If you ever wanted to be a millionaire, apparently one good way to get there is to become the president of a private university. The Chronicle of Higher Education recently released its updated list of private university presidents who made over $1 million in the year 2014, and the list is pretty big!
According to the Chronicle, Jack P. Varsalona of Wilmington University tops the list, having made $5,449,405 in 2014. But, his base salary is only $427,345. So how did he make over $5 million?
Basically, many universities offer deferred compensation packages, which sets up an investment account to pay out to the professor at a specific time provided they meet whatever goals are set forth in their agreement. Varsalona wasn't even on the million dollar list in 2013, but he tops the list in 2014 due to a $4.6 million deferred compensation package.
All in all, 39 private university presidents made over $1 million in 2014. The Ivy League fared particularly well, with three of its presidents appearing in the top 10.
Here are the top ten money-makers:
#1 – Jack Varsalona, Wilmington University: $5,449,405
#2 – Mark S. Wrighton, Washington University in Louisville: $4,185,866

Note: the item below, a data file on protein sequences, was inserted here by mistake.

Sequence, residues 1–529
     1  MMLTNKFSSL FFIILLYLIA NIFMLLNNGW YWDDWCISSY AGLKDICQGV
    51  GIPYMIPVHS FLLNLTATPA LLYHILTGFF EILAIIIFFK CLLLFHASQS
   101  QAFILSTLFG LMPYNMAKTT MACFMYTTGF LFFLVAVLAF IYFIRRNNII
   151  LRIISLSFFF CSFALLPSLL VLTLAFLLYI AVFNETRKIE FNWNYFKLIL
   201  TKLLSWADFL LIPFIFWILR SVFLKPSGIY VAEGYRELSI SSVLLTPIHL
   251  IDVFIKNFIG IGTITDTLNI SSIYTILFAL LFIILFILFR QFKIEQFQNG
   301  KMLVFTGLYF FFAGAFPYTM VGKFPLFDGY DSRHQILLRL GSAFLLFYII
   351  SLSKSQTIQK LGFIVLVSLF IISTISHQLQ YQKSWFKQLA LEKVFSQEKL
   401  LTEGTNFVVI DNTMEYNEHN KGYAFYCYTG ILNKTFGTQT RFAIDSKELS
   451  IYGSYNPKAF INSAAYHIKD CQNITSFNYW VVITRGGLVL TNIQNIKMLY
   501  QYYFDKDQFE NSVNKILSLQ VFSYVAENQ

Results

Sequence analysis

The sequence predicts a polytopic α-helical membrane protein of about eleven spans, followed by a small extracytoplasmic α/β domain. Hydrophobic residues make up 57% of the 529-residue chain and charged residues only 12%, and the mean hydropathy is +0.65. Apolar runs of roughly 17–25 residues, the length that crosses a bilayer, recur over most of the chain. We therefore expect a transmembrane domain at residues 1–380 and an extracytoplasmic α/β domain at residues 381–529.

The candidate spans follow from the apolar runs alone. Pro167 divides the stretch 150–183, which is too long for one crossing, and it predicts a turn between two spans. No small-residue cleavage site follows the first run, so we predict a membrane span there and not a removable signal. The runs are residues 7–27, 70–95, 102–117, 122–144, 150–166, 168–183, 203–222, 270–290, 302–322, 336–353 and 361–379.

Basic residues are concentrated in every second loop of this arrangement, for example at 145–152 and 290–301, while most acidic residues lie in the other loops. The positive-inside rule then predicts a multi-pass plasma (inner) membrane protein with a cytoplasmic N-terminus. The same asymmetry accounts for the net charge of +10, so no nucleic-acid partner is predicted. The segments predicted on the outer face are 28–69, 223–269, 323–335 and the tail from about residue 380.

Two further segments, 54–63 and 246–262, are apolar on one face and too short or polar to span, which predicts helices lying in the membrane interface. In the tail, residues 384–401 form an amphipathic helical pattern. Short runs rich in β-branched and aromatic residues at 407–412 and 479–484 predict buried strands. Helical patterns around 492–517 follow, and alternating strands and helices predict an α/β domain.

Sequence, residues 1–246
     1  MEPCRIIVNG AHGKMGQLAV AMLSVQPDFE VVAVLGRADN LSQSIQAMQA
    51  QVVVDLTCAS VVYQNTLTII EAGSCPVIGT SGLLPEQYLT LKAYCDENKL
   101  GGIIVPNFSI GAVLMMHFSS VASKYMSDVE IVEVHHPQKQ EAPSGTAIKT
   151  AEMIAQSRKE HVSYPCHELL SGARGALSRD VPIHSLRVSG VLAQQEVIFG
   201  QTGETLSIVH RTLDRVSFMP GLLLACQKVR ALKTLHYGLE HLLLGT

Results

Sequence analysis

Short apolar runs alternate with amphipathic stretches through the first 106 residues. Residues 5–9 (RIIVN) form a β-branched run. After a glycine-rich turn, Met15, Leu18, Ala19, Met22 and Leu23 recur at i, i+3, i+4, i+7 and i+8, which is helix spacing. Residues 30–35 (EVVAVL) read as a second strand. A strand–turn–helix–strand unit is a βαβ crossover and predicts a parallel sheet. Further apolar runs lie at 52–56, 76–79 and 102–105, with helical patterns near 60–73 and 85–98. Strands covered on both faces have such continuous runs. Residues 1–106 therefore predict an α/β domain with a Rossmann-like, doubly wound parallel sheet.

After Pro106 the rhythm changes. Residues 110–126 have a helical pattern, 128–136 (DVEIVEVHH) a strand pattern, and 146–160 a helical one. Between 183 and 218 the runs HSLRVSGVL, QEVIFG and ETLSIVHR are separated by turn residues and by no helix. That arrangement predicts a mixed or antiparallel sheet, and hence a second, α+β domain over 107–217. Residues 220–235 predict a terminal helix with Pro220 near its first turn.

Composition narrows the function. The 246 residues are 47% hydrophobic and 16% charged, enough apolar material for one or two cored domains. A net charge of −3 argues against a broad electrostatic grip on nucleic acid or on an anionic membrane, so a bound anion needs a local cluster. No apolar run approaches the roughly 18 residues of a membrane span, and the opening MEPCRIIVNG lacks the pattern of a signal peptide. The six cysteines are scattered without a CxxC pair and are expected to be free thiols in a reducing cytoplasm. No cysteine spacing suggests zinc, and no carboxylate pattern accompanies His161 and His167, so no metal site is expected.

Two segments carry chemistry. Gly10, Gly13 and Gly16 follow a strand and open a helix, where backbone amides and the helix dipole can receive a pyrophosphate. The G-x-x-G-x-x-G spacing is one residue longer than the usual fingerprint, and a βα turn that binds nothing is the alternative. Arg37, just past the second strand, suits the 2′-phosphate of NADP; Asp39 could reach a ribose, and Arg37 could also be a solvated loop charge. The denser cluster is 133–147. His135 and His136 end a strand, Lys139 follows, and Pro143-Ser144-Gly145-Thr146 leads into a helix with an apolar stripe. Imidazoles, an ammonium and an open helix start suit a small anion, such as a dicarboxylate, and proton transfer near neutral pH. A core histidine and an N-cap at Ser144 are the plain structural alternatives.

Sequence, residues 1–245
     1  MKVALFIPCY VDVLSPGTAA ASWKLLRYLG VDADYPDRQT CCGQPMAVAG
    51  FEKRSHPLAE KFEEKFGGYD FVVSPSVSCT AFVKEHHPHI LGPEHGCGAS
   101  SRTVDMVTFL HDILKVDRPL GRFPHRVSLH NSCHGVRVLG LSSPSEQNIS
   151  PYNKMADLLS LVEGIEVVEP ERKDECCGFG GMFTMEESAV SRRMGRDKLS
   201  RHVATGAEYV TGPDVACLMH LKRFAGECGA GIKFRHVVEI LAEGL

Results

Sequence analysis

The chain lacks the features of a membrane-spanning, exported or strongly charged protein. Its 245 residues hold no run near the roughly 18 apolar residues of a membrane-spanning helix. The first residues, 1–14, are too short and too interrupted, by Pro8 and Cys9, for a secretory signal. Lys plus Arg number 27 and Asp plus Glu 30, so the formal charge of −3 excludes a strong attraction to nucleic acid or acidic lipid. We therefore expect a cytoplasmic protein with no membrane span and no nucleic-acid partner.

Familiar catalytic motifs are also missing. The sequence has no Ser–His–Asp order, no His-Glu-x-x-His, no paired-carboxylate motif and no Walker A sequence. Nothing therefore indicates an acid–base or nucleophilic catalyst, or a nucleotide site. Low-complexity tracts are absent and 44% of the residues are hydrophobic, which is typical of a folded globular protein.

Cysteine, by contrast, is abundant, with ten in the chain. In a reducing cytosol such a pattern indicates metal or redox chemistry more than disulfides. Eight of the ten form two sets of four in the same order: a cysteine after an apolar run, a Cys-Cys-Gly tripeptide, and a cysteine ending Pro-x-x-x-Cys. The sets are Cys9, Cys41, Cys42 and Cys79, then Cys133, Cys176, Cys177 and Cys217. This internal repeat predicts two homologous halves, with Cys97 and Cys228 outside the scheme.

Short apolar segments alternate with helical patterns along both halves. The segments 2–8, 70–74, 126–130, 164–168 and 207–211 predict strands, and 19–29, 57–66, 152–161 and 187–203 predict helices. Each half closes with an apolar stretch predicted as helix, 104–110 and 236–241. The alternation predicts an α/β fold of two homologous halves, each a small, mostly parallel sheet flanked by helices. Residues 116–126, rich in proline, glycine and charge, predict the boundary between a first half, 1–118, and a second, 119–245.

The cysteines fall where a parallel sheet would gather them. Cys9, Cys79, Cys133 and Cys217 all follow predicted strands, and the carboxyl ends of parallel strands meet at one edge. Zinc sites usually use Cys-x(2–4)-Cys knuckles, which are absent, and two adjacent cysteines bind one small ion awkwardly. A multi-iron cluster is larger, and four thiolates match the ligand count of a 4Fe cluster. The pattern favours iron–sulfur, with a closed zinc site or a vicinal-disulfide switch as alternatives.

#3 – R. Gerald Turner, Southern Methodist University: $3,354,128
#4 – Amy Gutmann, University of Pennsylvania: $2,962,708
#5 – Lee C. Bollinger, Columbia University: $2,447,032
#6 – Morton O. Schapiro, Northwestern University: $2,352, 578
#7 – Robert Fisher, Belmont University: $2,120,091
#8 – Robert J. Zimmer, University of Chicago: $2,051,089
#9 – James F. Jones Jr., Trinity College: $1,661,794
#10 – David J. Skorton, Cornell University: $1,618,328
Of the 39 millionaires on the list, Lee Bollinger of Columbia University had the highest base pay rate, at $1,298,577. All in all, there were 11 presidents on the list making over $1 million in base pay alone, including: Amy Gutmann, University of Pennsylvania; Robert Fisher, Belmont University; Robert Zimmer, University of Chicago; Donna Shalala, University of Miami; C.L. Max Nikias, University of Southern California; John Sexton, New York University; Ronald Daniels, Johns Hopkins University; Shirley Ann Jackson, Rensselaer Polytechnic Institute; Victor Boschini Jr., Texas Christian University, and Joel Seligman of the University of Rochester.
One other major factor in compensation for long-term executives is the addition of supplemental retirement plans. Both presidents in the top two spots on the list, for example, benefited from this type of compensation plan. Generally, these are investment accounts that become fully vested when the employee reaches a certain age. Varsalona, for example, is slated to retire in the middle of the next school year.
Perhaps the most staggering figure is that out of several hundred private universities surveyed, the average total yearly income for a president, including those who were only president for part of the year, was $489,927.
In summary, though higher education isn't typically the first thing that comes to mind when you think of making a huge salary (unless you're thinking about coaching football), there certainly are some who make it big in the private education sector. But they certainly do have to work to get there.